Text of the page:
Hyperhidrosis: Types, Causes, Symptoms & Treatment

Hyperhidrosis by Philly Med Club In Philadelphia

A medical disorder known as hyperhidrosis occurs when the body perspires more than is necessary to maintain a normal body temperature. Excessive sweating can affect specific parts of the body, such as the face, palms, soles, and underarms, or it can affect the entire body. The illness can have a major influence on everyday activities and emotional health and typically first manifests in childhood or adolescence.

While secondary hyperhidrosis is associated with other health conditions, including diabetes, thyroid disorders, or adverse drug reactions, primary hyperhidrosis is usually inherited and has no known medical reason. Knowing hyperhidrosis entails being able to identify its origins and symptoms, which can aid in finding efficient therapies and improving hyperhidrosis management.

Types of Hyperhidrosis

Hyperhidrosis is generally classified into two main types: primary and secondary.

Primary Hyperhidrosis:

  • Description: This type of hyperhidrosis is characterized by excessive sweating in specific body areas, such as the palms, soles, underarms, and sometimes the face. The sweating is usually symmetrical, affecting both sides of the body equally.
  • Causes: The exact cause of primary hyperhidrosis is not well understood, but it is believed to be related to genetic factors. It often runs in families and is not associated with any underlying medical conditions. The condition is thought to result from overactive sweat glands triggered by faulty nerve signals.
  • Symptoms: Symptoms typically begin in childhood or adolescence and include noticeable sweating in localized areas without an apparent cause, such as high temperature or physical exertion. Excessive sweating can persist and significantly impact daily activities and emotional well-being​​.

Secondary Hyperhidrosis:

  • Description: Unlike primary hyperhidrosis, secondary hyperhidrosis is caused by an underlying medical condition or is a side effect of certain medications. This type can cause sweating over larger areas or even the entire body.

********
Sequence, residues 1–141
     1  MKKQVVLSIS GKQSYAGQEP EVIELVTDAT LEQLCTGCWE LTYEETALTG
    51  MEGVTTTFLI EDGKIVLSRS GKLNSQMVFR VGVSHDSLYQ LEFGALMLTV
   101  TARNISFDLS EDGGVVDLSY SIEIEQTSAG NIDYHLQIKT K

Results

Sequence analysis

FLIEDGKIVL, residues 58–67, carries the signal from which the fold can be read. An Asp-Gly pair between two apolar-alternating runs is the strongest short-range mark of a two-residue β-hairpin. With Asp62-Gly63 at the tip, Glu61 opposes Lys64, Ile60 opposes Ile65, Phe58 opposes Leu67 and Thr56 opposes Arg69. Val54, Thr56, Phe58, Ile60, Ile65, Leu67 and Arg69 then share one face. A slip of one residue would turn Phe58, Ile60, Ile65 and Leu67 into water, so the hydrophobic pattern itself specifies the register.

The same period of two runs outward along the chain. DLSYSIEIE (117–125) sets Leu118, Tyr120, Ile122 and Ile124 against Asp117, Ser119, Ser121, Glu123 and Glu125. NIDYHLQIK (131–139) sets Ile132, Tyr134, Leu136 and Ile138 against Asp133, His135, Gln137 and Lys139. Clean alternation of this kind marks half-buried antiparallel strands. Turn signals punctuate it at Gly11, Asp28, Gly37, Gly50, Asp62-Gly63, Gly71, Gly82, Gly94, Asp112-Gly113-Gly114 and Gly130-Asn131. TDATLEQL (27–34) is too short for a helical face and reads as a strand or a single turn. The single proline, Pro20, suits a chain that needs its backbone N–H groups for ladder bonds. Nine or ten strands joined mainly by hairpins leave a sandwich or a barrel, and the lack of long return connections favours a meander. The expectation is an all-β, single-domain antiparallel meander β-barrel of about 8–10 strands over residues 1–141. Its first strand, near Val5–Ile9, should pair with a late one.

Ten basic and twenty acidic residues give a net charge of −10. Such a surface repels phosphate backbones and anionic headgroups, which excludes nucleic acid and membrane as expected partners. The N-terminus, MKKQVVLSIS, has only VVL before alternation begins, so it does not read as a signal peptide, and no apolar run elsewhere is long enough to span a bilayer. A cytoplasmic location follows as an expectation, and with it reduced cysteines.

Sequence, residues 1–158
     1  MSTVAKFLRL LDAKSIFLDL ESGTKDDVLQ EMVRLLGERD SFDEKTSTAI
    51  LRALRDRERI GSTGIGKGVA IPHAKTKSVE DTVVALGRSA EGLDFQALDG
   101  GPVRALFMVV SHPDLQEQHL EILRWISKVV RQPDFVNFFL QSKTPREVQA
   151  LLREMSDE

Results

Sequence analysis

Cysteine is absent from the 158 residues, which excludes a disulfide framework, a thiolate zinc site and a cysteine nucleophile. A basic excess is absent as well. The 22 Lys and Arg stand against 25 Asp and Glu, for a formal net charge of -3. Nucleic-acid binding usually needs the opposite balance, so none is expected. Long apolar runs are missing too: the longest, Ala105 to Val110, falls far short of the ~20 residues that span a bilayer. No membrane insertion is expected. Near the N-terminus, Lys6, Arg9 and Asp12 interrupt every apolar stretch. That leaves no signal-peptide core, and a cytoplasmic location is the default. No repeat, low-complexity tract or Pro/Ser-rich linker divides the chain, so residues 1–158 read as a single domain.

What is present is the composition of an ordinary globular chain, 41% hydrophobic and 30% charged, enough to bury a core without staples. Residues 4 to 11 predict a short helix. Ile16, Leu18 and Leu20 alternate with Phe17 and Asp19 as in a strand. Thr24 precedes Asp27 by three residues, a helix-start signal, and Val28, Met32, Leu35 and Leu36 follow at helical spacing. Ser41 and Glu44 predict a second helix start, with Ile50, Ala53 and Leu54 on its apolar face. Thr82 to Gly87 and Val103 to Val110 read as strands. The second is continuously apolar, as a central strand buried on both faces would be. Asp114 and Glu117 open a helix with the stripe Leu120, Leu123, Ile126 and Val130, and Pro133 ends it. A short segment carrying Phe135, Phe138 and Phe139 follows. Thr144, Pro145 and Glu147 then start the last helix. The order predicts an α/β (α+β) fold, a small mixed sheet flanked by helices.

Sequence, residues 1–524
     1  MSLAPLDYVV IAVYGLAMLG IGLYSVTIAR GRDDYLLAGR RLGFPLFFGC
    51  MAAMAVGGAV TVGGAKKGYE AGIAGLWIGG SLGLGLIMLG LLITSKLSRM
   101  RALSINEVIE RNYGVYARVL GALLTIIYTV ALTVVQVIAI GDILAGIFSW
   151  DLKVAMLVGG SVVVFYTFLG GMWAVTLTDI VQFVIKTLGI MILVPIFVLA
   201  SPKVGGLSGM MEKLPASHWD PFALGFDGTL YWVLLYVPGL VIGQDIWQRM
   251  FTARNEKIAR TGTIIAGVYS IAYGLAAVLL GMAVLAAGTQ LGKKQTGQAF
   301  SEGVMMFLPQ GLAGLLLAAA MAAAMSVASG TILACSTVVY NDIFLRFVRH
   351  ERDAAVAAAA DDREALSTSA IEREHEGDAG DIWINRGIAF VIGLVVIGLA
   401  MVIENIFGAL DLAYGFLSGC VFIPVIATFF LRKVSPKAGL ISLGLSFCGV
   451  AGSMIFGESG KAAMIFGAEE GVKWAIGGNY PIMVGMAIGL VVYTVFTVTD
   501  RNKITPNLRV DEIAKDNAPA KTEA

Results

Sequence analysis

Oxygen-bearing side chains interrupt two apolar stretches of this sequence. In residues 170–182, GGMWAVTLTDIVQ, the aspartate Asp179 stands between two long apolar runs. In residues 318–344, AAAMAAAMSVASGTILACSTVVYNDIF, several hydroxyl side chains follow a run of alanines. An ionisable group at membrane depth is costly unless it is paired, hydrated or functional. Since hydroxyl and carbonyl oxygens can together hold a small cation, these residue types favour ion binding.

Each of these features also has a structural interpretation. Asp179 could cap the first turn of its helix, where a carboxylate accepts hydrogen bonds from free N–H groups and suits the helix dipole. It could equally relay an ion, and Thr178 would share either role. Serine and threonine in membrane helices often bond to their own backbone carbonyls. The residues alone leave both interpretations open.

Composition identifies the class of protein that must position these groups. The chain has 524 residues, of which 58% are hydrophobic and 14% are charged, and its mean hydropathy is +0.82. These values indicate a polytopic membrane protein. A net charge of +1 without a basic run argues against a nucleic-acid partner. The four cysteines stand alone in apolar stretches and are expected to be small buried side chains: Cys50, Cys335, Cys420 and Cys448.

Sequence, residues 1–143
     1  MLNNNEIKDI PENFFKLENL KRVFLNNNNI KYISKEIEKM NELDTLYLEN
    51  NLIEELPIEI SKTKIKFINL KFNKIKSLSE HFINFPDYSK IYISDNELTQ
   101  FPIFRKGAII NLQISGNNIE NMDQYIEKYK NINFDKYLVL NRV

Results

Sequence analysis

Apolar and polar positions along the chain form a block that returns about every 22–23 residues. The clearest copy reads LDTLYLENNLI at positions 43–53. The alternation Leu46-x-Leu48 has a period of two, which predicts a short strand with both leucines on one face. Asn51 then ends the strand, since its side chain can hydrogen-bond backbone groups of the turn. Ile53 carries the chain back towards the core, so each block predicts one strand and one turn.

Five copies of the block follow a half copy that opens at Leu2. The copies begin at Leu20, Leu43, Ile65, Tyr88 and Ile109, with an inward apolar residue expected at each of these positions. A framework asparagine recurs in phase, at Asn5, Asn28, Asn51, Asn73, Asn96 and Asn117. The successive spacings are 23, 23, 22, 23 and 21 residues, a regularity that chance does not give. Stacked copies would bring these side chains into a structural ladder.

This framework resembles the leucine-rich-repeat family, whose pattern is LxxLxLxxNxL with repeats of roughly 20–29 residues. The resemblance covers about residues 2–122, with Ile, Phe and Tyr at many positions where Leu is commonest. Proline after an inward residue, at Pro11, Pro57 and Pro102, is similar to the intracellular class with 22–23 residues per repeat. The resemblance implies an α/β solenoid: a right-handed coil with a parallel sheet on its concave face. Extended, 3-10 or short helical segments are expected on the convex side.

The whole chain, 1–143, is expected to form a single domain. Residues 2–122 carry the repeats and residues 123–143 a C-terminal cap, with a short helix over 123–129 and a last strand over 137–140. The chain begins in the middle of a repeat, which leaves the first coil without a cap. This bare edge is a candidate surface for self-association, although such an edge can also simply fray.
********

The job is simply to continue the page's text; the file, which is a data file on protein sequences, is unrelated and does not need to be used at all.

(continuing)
• Causes: Secondary hyperhidrosis can be triggered by various medical conditions, including diabetes, thyroid disorders, menopause, certain cancers, infections, and neurological disorders. It can also be a side effect of medications such as antidepressants, pain relievers, and some hormonal treatments.
  • Symptoms: The onset of secondary hyperhidrosis can occur at any age and is typically associated with the underlying condition or medication. Sweating may occur both during the day and at night and maybe more unpredictable than primary hyperhidrosis​​.

Diagnosis of Hyperhidrosis

Diagnosing hyperhidrosis involves a combination of medical history evaluation, physical examination, and specific diagnostic tests. The goal is to determine the type of hyperhidrosis and identify any underlying causes of excessive sweating.

Medical History and Physical Examination

Initially, a medical professional will obtain a thorough medical history and do a physical examination. They will ask about the amount of time, how often, and how you sweat, as well as any things that tend to aggravate or cause the disease. Questions may include:

  • When did the excessive sweating begin?
  • Which areas of the body are affected?
  • Is the sweating symmetrical (affecting both sides equally)?
  • Do you sweat during sleep?
  • Does anyone in your family have similar symptoms?